This is great. I’ll use this for my http_request lecture for the bootcamp.
It would also probably be worth a bounty to flesh it out to a full file server.
One thing that has occurred to me on reading this is that it may be hard(impossible?) to do this for dynamic http responses. Say you serve a page with a time stamp on it. You wouldn’t be able to provide a certified tree with the content of the page because http_request is a query and you would not be able to update it. For dynamic content I guess we’ll always have to use raw?
Correct, and one of my main criticisms of the whole “certified variables” approach to securing queries. I haven’t given up hope that we get proper, system-provided “certified queries” at some point, where the boundary node aggregates the query response from multiple nodes (multi- or threshold signature). This would allow any query to be used securely (even dynamic ones) without any effort on the canister authors side, actually fulfilling the promise of a tamper-proof, easy to use platform. In fact, I’d argue it should be the default. No more raw!
And I’d bet that such a feature would have been less effort than all the work that went into certified variables across the stack and in terms of education.
Maybe one day - someone observed that it’d be internally needed or at least useful for implementing inter-canister query calls, so I’m not giving up hope.
For your original question, here are your possible next steps
Read up on certified variable (videos and documentation)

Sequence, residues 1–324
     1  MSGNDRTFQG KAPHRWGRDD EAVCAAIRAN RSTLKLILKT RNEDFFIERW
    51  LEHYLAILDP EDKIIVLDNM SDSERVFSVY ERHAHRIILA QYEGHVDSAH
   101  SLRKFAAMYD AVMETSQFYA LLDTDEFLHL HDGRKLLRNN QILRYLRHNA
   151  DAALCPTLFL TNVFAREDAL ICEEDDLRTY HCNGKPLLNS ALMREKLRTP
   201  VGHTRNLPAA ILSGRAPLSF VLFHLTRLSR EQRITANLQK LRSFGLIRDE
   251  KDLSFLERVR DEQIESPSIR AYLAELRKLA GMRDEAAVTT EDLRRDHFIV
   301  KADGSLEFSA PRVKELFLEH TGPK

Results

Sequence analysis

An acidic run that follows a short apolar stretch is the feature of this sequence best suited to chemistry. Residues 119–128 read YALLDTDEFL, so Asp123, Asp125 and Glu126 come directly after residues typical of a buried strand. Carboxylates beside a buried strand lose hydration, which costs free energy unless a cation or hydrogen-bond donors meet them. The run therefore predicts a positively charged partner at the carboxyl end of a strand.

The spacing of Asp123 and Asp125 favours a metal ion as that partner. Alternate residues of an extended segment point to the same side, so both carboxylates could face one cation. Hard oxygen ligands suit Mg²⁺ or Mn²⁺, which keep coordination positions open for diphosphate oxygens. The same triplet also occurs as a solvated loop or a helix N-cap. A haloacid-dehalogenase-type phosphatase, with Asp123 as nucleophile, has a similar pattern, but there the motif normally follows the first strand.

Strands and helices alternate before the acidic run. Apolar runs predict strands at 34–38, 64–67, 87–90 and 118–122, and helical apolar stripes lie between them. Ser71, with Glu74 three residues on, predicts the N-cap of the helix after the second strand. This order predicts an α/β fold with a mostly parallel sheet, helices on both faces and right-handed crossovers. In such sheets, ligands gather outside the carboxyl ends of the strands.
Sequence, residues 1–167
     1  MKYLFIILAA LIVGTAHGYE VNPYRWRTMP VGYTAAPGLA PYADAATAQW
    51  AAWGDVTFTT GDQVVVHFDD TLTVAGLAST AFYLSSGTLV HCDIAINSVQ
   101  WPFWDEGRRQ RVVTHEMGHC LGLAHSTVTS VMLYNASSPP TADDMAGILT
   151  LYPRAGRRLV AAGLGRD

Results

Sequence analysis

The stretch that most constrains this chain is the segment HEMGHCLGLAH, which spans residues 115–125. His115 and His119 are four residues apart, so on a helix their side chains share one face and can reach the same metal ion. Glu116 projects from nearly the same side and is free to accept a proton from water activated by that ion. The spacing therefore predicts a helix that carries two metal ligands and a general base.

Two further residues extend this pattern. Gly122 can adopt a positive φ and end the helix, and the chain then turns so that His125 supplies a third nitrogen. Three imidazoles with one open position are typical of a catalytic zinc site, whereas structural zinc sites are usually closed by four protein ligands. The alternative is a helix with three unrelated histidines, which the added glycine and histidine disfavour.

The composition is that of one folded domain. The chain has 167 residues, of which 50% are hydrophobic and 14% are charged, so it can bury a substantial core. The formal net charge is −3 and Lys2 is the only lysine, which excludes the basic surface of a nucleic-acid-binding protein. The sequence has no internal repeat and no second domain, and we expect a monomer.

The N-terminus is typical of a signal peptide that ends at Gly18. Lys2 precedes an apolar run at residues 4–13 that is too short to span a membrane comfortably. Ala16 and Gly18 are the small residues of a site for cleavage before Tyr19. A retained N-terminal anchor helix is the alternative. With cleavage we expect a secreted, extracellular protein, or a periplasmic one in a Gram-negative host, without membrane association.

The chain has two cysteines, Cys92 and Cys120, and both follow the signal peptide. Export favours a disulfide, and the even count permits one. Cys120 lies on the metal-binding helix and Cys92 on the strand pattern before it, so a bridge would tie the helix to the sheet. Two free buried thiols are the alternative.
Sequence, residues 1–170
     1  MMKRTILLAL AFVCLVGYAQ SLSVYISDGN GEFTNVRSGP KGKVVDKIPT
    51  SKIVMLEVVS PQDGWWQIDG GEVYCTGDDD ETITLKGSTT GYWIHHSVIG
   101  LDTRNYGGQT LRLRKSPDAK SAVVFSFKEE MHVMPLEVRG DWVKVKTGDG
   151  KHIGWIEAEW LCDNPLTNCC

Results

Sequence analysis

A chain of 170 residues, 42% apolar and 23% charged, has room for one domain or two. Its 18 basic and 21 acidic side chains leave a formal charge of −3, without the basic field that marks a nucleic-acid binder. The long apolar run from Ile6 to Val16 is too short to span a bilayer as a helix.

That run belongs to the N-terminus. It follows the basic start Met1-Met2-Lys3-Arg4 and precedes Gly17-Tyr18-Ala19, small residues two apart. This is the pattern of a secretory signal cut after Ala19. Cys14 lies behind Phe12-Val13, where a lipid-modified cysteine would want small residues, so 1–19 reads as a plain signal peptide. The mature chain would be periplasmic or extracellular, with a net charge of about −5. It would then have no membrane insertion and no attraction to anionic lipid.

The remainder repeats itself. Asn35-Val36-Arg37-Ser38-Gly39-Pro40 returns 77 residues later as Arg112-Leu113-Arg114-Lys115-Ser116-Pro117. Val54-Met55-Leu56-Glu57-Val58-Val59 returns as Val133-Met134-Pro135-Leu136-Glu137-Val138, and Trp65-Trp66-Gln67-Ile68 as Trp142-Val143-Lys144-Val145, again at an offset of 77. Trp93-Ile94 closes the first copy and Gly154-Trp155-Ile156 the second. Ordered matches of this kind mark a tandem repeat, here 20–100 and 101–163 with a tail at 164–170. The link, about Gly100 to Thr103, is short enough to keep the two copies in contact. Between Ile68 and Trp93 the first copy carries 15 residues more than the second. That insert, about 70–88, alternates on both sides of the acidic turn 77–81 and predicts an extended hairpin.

Look at rust asset canister for a reference implementation
Decide if you need the performant certified queries ? Queries are performant but are hard to implement in a “secure” fashion. You can fall back to updates if you don’t need the speed.
Relying on raw path to access uncertified queries is relies on a “unintended omission” and will be fixed anytime time and your raw accessed will ALSO start to fail.
Please reach out to the community for implementing queries securely with certificates. Falling back to raw path for insecure access to queries is a anti-pattern and is relies on a behavior which will be fixed anytime in near future.
IMO a lot of important aspects are getting buried under this infamous error code body cannot be verified
Insecurity of non-certified queries
Difficulty in implementing certified response . (This is a known unspoken issue - designing certified queries is orders of magnitude more arduous than coding any other aspect of a IC canister)
confusion around spec of raw/non-raw mandatory non-mandatory aspects of certificate generation and checking. This is the part that can be easily fixed.
I don’t believe throwing boundary nodes into mix brings any clarity to the situation. Boundary nodes should best serve as performance enhancements and not turn into a core requirement/extension for the IC protocol. At least, until they are completely decentralized.